Designing For Comfort: Key Elements Of Livable Housing

Livable housing in Australia is defined by a set of standards aimed at making homes more accessible and easier to live in for people of all ages and abilities. These standards emphasize the importance of easy access to and within the home. The goal is to ensure that homes are comfortable and safe for diverse residents, therefore facilitating a higher quality of living.

These standards aim to create homes accommodating people of various ages and mobility levels, including older adults and those with disabilities. While these guidelines are often voluntary, they are increasingly being adopted in new housing developments across Australia.

The Livable Housing Design Guidelines embody these principles, guiding architects and builders in creating more inclusive and adaptable living spaces. This approach benefits individuals with specific needs and adds long-term value and flexibility to the housing market.

This article explores the critical elements of livable housing designs shaping modern residential spaces in Australia and beyond. Continue reading to learn more.

livable housing design
happy young family on the background of a modern new house

1 Accessibility

The foundation of livable housing lies in its accessibility. It encompasses the ease of entering and moving around the home, a feature beneficial for everyone, but mainly for aging occupants, families with young children, and those with mobility impairments.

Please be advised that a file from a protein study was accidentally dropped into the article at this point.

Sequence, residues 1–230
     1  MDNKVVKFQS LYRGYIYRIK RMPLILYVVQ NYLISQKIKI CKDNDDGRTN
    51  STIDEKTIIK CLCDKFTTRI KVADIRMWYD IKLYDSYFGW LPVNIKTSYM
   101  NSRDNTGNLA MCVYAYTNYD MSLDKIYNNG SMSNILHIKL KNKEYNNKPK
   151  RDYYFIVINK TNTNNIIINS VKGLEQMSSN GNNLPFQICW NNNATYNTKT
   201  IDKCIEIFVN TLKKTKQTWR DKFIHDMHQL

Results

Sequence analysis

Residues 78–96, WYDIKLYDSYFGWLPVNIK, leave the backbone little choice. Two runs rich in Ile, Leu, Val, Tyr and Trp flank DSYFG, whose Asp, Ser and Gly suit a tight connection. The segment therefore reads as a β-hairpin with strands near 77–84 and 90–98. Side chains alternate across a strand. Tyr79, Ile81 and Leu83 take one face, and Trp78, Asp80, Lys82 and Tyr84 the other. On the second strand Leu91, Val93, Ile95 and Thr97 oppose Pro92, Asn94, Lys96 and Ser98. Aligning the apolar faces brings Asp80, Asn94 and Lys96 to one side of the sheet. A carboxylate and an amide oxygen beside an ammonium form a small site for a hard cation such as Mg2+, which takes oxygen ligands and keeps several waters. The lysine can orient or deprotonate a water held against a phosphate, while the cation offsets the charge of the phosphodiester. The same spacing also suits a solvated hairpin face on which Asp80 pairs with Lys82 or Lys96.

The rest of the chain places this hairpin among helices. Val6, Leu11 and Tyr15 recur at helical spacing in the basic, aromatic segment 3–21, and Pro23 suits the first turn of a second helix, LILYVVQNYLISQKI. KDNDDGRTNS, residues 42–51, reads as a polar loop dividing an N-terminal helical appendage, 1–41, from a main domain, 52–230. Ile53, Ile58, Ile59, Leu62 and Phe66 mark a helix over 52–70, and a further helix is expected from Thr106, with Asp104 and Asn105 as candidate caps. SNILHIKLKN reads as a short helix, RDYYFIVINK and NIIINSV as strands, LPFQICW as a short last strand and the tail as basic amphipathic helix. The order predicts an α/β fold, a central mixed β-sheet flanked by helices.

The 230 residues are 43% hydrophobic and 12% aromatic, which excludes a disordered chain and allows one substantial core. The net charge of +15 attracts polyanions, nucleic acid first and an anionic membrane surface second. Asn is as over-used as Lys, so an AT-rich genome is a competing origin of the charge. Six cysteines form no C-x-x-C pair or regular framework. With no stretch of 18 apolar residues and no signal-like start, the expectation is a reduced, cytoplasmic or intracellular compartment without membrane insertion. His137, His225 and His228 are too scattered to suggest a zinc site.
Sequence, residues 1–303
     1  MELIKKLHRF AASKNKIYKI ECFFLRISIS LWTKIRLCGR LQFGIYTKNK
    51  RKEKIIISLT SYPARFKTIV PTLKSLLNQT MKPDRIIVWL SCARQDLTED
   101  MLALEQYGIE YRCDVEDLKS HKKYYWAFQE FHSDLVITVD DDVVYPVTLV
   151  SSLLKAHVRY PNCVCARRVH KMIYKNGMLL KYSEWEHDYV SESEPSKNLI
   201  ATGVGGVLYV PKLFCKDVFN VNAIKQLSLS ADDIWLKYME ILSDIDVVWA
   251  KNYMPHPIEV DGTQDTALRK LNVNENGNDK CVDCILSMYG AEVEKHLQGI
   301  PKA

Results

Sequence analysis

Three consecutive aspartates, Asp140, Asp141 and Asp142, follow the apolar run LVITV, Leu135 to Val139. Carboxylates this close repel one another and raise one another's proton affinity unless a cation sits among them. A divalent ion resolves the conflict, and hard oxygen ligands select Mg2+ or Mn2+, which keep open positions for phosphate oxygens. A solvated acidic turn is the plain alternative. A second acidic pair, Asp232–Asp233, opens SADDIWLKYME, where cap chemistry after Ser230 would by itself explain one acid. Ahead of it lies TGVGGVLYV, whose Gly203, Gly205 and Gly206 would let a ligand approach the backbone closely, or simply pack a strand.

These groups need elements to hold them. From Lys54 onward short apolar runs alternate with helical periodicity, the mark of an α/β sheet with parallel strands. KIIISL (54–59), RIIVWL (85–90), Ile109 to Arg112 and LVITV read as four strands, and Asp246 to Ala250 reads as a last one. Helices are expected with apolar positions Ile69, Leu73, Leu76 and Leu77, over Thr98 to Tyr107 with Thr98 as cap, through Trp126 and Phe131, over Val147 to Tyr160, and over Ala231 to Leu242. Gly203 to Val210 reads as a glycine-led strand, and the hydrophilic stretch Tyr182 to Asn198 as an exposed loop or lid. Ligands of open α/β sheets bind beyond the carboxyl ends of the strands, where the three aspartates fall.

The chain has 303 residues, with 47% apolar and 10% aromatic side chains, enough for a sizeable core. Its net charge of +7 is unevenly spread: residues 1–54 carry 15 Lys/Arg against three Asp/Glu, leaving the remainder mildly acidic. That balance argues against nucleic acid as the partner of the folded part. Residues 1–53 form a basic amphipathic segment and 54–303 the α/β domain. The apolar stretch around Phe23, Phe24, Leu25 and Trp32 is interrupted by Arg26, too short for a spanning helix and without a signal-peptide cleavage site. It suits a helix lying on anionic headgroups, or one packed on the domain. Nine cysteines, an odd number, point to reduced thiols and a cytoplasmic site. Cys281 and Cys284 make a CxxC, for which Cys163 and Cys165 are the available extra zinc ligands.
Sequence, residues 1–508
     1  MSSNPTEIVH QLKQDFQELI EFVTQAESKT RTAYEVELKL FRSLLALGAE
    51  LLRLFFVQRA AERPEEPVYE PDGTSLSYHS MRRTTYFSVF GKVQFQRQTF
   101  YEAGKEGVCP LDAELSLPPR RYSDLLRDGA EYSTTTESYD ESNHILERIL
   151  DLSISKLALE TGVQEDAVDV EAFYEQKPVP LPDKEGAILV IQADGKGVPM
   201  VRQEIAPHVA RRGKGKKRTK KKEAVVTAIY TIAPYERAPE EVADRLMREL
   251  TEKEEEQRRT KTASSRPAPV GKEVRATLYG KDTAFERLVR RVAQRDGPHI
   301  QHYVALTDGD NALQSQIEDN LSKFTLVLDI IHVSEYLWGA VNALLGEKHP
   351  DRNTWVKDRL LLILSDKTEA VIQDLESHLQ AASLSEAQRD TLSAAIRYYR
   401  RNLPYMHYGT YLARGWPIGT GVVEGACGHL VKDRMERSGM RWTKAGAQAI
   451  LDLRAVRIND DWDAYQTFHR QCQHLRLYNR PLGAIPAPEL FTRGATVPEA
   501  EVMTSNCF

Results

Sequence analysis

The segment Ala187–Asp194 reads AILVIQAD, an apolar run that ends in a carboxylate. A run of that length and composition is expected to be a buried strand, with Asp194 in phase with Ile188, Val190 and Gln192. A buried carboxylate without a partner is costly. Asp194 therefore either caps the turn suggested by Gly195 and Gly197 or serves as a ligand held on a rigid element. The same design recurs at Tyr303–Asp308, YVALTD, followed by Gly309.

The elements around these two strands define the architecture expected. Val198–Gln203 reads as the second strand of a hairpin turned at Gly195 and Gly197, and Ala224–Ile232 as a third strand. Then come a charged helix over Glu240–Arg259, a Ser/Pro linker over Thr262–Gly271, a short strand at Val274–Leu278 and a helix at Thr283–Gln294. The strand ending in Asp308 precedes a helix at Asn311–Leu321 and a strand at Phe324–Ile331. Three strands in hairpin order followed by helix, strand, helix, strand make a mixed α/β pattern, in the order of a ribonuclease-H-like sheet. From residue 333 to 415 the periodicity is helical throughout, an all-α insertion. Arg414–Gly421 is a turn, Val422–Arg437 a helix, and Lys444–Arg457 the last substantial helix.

Homeowners can make several improvements to enhance accessibility and livability within their homes. Here are some key strategies:

    • Widen doorways and hallways: For wheelchair or walker access, doorways should ideally be at least 32 inches wide. Widening hallways can also facilitate more effortless movement throughout the house.
    • Install ramps and eliminate steps: Replace steps at entrances with ramps and ensure they have a gentle slope. Inside the home, consider installing ramps where level changes occur.
    • Improve lighting: Good lighting is essential for safety. Increase the amount of lighting, especially in stairways, hallways, and kitchens. Consider motion-sensor lights for convenience.
    • Lever handles and touchless faucets: Replace doorknobs with lever handles, which are more accessible for people with limited hand strength. In bathrooms and kitchens, touchless faucets can be more convenient and accessible.
    • Non-slip flooring: Use non-slip flooring options to reduce the risk of falls, particularly in bathrooms and kitchens.

These improvements not only make a home more accessible for those with specific needs but also add to the comfort and convenience of all residents, enhancing the overall livability of the space.

2 Navigable space

Navigable space within a home is another crucial element. Transforming a home into a more navigable space involves making thoughtful changes to ensure ease of movement and accessibility throughout the house. It can be essential for individuals with mobility issues, but it also enhances the comfort and functionality of the home for all residents.

Here are some strategies homeowners can consider:

    • Bathroom enhancements: Install grab bars in the shower and near the toilet. Consider a walk-in shower design to eliminate the need to step over a tub. Non-slip mats and flooring can also enhance safety.